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Published on April 02, 2014 07:58 • 225 views

March 26, 2014

Why are an increasing number of developing countries resorting to expensive sovereign-bond issues?

In recent years, a growing number of African governments have issued Eurobonds, diversifying away from traditional sources of finance such as concessional debt and foreign direct investment. Taking the lead in October 2007, when it issued a $750m (£485m) Eurobond with an 8.5% coupon rate, Ghana earned the distinction of being the first Sub-Saharan country other than South Africa to issue bonds in 30 years.

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Published on March 26, 2014 07:55 • 338 views
Our panel of experts share their advice for the incoming Bank of England governor as he starts his first day in the job
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Published on March 26, 2014 07:55 • 307 views
Instead a negotiation process that is neither democratic and or transparent is likely to perpetuate a managed trade regime

Though nothing has come of the World Trade Organisation's Doha development round of global trade negotiations since they were launched almost a dozen years ago, another round of talks is in the works. This time the negotiations will not be held on a global, multilateral basis. Rather, two huge regional agreements one transpacific, and the other transatlantic are to be negotiated. Are the coming talks likely to be more successful?

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Published on March 26, 2014 07:55 • 349 views
If the debt vultures have their way, there will never be a fresh start for indebted countries - and no one will agree to restructuring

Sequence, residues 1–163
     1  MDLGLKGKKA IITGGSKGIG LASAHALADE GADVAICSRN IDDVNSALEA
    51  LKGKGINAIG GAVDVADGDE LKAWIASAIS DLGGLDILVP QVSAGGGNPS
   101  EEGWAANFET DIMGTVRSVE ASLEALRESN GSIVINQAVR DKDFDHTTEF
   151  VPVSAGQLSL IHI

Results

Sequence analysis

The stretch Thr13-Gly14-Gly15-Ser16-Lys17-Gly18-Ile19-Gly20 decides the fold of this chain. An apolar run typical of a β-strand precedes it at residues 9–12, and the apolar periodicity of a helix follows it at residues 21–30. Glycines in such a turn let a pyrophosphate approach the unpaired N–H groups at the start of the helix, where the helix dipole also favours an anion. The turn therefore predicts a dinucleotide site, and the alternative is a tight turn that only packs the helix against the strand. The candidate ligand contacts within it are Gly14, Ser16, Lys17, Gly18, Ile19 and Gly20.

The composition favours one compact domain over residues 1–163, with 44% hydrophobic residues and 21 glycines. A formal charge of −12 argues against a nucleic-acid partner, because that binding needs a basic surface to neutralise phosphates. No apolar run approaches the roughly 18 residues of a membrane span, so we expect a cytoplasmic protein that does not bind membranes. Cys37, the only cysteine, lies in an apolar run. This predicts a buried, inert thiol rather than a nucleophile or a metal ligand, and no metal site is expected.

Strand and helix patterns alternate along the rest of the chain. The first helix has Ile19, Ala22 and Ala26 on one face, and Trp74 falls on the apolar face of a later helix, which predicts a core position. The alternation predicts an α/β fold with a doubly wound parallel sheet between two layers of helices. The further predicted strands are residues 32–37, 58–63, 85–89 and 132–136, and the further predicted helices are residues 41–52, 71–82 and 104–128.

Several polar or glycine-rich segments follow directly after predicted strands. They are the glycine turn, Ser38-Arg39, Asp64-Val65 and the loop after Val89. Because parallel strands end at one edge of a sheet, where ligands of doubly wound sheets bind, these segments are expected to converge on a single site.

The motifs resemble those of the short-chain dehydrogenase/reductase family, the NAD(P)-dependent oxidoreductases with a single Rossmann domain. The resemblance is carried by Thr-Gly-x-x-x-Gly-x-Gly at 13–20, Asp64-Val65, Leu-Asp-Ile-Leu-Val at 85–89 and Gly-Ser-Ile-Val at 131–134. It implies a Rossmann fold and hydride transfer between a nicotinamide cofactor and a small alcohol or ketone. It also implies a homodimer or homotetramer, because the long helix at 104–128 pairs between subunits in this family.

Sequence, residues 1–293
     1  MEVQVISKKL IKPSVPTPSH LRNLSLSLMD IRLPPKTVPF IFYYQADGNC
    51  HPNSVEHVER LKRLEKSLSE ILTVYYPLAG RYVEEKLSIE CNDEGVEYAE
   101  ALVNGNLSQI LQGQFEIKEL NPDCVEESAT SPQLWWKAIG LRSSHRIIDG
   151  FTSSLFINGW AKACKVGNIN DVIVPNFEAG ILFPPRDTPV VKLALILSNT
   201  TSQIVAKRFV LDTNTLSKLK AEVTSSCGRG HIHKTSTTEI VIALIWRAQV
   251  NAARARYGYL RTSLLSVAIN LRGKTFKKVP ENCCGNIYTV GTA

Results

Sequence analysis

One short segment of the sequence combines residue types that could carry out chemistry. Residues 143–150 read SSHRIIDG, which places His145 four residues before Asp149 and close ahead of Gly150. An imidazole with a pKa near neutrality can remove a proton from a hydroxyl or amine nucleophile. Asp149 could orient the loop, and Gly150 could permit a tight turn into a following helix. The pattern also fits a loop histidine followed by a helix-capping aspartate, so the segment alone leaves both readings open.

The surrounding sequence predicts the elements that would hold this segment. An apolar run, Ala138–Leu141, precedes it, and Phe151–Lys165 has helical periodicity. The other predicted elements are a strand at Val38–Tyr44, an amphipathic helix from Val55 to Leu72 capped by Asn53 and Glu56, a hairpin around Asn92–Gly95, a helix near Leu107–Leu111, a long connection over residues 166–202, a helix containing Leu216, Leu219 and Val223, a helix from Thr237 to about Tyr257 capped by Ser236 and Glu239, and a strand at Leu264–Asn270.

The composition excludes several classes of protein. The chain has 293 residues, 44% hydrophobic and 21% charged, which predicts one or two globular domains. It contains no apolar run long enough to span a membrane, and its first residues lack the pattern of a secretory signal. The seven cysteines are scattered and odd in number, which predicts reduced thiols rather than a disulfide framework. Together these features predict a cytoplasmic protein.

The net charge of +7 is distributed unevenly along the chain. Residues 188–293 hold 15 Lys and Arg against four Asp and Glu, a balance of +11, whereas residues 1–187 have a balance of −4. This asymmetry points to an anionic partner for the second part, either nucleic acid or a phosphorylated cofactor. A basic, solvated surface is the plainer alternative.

A recent decision by a United States appeals court threatens to upend global sovereign debt markets. It may even lead to the US no longer being viewed as a good place to issue sovereign debt. At the very least, it renders non-viable all debt restructurings under the standard debt contracts. In the process, a basic principle of modern capitalism that when debtors cannot pay back creditors, a fresh start is needed has been overturned.

The trouble began a dozen years ago, when Argentina had no choice but to devalue its currency and default on its debt. Under the existing regime, the country had been on a rapid downward spiral of the kind that has now become familiar in Greece and elsewhere in Europe. Unemployment was soaring, and austerity, rather than restoring fiscal balance, simply exacerbated the economic downturn.

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Published on March 26, 2014 07:55 • 239 views
The eurozone may be growing again but, in any meaningful sense, an economy in which most people's incomes are below their pre-2008 levels is still in recession

When the US investment bank Lehman Brothers collapsed in 2008, triggering the worst global financial crisis since the Great Depression, a broad consensus about what caused the crisis seemed to emerge.

A bloated and dysfunctional financial system had misallocated capital and, rather than managing risk, had actually created it. Financial deregulation together with easy money had contributed to excessive risk-taking. Monetary policy would be relatively ineffective in reviving the economy, even if still-easier money might prevent the financial system's total collapse. Thus, greater reliance on fiscal policy increased government spending would be necessary.

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Published on March 26, 2014 07:55 • 244 views

Joseph E. Stiglitz's Blog